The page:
Monday, May 26, 2014

They're different…yet the same


Today is Memorial Day here in the United States. I like to publicly thank every veteran, as well as current military personnel for their service to our country. Without it, this country would never have grown to be what it has become, nor would we be enjoying the rights that many take for granted.

Recently a Facebook friend posted a photo which lambasted the media because

"…Memorial Day is not about Veterans. Memorial Day is about those that did not come home to become veterans."

The very first comment said, "Same Dif…semantics!" suggesting they were the same; which was followed by back and forth dialog on whether there was a difference between the two holidays.

After doing some reading on the subject, it's become obvious that it's not as crystal clear as that photo suggested.

* * *

Unofficially Memorial Day is the older of the two holidays. The exact origin of Memorial Day is somewhat clouded, with groups of people both north AND south of the Mason-Dixon Line, claiming to have been the first.

In those days it was known as Decoration Day because loved ones would decorate the graves of fallen soldiers who gave their all during that family squabble known as the American Civil War.

It wasn't until 1971 that Congress declared Memorial Day an official national holiday.

The day is generally filled with parades brimming with soldiers and floats, as well as air shows commemorating past conflicts, and the soldiers who took part. Unofficially it's also filled with BBQs marking the start of Summer.

California doesn't have the same fervor as the East Coast. That's probably because we have been lucky enough to have escaped military conflict on our soil, and invasion by foreign powers.

One of the most spectacular events takes place at America's National Cemeteries. But, it's a simple thing that probably escapes most people's thoughts today.

For several days beforehand thousands of volunteers go gravestone to gravestone making sure a small American flag graces the front of the marker.

If you have never visited Golden Gate National Cemetery on Memorial Day, you should. The utter silence with 140,000 tiny flags flapping in the breeze is awe inspiring.

Frankly, its more serene sight with quiet contemplation does more to commemorate our nation's sacrifice than any parade.

* * *

In 1919, WWI was fresh in the minds of many Americans. It's generally considered the first modern war due to many technological advances of the time such as tanks, airplanes and mustard gas.

On the one year anniversary of the end of WWI, President Calvin Coolidge declared every November 11th  a day to commemorate the end of hostilities.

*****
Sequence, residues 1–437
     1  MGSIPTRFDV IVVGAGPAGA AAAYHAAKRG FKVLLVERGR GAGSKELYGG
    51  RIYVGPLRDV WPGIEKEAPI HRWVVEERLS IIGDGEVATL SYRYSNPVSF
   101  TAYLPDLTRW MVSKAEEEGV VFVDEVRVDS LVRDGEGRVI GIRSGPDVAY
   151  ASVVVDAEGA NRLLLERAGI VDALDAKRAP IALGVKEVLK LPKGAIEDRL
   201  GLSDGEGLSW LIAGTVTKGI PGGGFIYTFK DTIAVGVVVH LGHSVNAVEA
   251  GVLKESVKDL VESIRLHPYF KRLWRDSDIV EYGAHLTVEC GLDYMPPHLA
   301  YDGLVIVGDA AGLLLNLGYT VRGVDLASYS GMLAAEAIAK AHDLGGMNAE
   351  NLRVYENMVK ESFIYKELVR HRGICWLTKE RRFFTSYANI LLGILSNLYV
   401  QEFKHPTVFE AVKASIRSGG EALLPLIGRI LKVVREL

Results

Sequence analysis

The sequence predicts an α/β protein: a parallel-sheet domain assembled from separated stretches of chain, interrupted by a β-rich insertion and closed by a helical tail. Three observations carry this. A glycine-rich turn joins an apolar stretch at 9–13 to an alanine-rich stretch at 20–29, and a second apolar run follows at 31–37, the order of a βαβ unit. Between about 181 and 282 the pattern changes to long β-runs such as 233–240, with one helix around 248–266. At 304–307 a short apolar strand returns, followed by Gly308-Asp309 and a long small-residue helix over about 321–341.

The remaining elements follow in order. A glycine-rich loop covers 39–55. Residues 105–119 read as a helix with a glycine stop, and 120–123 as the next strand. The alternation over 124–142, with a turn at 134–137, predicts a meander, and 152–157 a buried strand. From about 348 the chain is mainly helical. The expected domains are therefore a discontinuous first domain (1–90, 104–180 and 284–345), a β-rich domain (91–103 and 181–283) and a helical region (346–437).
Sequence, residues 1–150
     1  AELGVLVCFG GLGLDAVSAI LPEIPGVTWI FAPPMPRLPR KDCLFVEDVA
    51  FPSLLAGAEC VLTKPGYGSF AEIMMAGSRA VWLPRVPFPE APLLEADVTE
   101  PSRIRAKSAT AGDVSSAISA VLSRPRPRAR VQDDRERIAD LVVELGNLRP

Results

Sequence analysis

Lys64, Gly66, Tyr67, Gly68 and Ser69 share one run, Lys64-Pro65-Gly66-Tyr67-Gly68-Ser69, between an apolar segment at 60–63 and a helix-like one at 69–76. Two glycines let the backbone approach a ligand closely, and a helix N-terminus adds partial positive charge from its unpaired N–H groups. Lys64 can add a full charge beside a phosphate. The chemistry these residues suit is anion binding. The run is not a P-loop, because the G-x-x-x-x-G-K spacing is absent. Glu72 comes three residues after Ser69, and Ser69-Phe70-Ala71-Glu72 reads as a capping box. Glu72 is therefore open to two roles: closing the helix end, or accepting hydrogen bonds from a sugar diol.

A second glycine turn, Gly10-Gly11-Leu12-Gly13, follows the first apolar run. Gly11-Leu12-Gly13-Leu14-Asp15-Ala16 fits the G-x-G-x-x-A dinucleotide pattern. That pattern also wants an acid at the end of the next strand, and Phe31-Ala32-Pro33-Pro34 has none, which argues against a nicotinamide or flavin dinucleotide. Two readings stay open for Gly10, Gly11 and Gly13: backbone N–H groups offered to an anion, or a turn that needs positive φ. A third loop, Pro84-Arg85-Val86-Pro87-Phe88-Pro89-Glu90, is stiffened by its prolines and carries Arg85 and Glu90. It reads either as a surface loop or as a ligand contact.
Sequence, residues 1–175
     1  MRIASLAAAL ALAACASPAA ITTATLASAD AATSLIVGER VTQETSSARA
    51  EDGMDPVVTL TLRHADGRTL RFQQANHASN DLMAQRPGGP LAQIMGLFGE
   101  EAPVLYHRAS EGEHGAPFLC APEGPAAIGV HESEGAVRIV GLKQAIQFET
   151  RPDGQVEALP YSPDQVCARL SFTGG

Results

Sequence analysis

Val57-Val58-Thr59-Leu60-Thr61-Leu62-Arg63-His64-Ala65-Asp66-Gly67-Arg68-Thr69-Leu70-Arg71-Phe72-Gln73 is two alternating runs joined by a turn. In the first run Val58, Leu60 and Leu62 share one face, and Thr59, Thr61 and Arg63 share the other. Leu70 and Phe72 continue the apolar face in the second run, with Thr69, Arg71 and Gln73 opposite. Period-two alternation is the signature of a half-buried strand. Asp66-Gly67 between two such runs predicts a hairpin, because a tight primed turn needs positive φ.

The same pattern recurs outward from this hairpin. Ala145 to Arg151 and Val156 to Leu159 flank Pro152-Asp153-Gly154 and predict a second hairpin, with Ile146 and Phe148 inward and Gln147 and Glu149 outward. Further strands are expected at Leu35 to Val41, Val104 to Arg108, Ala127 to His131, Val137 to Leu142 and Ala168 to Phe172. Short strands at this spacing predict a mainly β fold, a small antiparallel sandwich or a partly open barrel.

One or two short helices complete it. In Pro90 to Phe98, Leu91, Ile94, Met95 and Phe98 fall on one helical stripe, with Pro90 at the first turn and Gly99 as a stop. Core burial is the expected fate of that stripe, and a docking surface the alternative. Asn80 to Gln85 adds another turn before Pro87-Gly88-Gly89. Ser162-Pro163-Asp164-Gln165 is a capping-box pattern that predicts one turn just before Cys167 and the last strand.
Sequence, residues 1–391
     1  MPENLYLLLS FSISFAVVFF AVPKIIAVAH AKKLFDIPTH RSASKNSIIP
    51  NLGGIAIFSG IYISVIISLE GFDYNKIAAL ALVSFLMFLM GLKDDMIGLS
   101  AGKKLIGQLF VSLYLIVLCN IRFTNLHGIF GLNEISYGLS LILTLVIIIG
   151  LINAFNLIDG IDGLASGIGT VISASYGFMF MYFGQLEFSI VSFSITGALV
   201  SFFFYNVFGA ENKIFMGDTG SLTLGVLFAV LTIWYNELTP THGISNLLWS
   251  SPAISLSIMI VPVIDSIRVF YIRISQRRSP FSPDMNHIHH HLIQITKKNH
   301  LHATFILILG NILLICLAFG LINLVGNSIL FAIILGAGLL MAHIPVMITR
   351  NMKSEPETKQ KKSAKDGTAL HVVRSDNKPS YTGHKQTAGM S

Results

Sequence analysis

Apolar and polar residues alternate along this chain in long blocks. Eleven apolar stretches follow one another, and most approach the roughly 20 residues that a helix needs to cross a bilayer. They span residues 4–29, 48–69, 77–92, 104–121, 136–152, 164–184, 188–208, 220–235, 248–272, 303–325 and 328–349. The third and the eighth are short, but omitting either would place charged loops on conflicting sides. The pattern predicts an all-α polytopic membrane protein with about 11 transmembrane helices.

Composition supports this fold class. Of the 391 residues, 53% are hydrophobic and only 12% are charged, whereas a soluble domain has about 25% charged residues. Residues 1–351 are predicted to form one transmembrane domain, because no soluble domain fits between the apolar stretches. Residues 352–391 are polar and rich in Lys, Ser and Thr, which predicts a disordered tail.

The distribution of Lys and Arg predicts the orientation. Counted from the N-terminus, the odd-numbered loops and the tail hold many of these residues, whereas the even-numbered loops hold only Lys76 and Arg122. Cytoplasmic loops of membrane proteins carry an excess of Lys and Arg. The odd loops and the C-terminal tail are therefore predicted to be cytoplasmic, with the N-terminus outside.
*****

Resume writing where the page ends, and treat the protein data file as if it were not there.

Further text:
(The official armistice went into effect 11-11-18, and because someone somewhere had a macabre sense of humor it took place, not at Midnight, but, at 11pm)

However, it wasn't until 1938 when Congress officially named it a Federal holiday.

Much to people's horror, WWI turned out not to be the War to End All Wars, to be joined in people's consciousness by the first true global war, WWII, and not to go unmentioned the Korean War.

Congress changed the holiday's name in 1954 to Veterans Day, to be inclusive of all veterans from all conflicts past and present.

What's forgotten by most, myself included until I was doing research for this post, was that Coolidge's original proclamation was not to celebrate those that returned live from the front, but to remember those that did not.

"To us in America, the reflections of armistice Day will be filled with solemn pride in the heroism of those who died in the country's service and with gratitude for the victory, both because of the thing from which it has freed us and because of the opportunity it has given America to show her sympathy with peace and justice in the councils of the nations."

Arguably, Veterans Day is not observed nearly as much as Memorial Day. Probably, in part because of it falling two months after school has started, during the tail end of the Fall harvest and when BBQ weather has left much of the country.

Besides that, it's not part of a three day weekend, despite it originally becoming one under the Uniform Monday Holiday Act. Only four years after moving five holidays to Mondays; to create long weekends; Congress chose to move Veterans Day back to it's original date.

It should be noted that while Memorial Day is truly an American national holiday, "Veterans" Day is commemorated around the world in multiple nations, albeit under different names.

* * *

Today, I turned on the History Channel while having breakfast After all, it's Memorial Day. Surely they're going to have lots of historical goodness I could lose myself in today. Just ending was some program on WWII, only to be followed by episode after episode of Pawn Stars.

God bless Big Rick, Corey, Chumlee and the Old Man. But, little historical blurbs about items being pawned or sold just shouldn't cut it on Memorial Day.

I found a blog Tech Crunch editorial  frustrated by this as well, only to realize it was from 2011.

At least H2 (formerly known as History International), is running four episodes of Patton 360, a 2009 series on Gen. George S. Patton.

But, that's not even the full series.  They aired 3 episodes; then stuck an odd-ball episode of Target Earth about climate change, before repeating the same episodes! Thing is it's a 10 part series. Would it have killed them to have aired the whole thing today?

Thankfully, if a person has HBO or Amazon Prime Video, they have access to Band of Brothers and The Pacific; with NO commercial interruptions.


No comments: